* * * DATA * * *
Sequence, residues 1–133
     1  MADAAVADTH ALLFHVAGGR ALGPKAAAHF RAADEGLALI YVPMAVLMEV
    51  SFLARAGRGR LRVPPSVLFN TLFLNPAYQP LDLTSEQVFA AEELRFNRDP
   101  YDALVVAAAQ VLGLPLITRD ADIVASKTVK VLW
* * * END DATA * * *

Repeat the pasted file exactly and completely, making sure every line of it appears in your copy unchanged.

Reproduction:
Sequence, residues 1–133
     1  MADAAVADTH ALLFHVAGGR ALGPKAAAHF RAADEGLALI YVPMAVLMEV
    51  SFLARAGRGR LRVPPSVLFN TLFLNPAYQP LDLTSEQVFA AEELRFNRDP
   101  YDALVVAAAQ VLGLPLITRD ADIVASKTVK VLW